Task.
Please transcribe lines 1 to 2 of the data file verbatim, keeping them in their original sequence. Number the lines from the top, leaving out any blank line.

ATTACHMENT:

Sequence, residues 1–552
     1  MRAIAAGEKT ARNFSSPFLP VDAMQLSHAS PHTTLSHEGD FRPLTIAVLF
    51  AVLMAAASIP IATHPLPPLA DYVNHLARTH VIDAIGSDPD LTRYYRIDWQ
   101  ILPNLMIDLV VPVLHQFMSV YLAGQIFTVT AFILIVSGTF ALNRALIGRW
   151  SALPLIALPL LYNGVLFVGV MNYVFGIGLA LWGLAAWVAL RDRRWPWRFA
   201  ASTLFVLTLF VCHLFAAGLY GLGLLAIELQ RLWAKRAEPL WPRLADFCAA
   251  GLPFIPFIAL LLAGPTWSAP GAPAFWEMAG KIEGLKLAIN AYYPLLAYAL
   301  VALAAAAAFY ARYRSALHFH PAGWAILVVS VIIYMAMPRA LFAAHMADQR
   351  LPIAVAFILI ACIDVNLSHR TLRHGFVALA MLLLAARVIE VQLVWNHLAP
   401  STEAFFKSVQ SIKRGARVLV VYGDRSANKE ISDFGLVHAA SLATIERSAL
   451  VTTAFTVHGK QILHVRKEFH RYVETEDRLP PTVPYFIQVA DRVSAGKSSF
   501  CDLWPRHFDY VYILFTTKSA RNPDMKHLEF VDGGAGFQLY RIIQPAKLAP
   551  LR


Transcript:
Sequence, residues 1–552
     1  MRAIAAGEKT ARNFSSPFLP VDAMQLSHAS PHTTLSHEGD FRPLTIAVLF